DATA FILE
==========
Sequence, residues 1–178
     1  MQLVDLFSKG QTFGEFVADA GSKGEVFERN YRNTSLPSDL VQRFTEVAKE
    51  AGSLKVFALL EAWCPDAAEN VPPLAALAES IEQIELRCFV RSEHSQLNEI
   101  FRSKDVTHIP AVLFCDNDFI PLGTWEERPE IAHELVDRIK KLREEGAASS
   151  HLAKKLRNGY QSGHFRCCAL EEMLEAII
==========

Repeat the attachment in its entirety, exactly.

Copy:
Sequence, residues 1–178
     1  MQLVDLFSKG QTFGEFVADA GSKGEVFERN YRNTSLPSDL VQRFTEVAKE
    51  AGSLKVFALL EAWCPDAAEN VPPLAALAES IEQIELRCFV RSEHSQLNEI
   101  FRSKDVTHIP AVLFCDNDFI PLGTWEERPE IAHELVDRIK KLREEGAASS
   151  HLAKKLRNGY QSGHFRCCAL EEMLEAII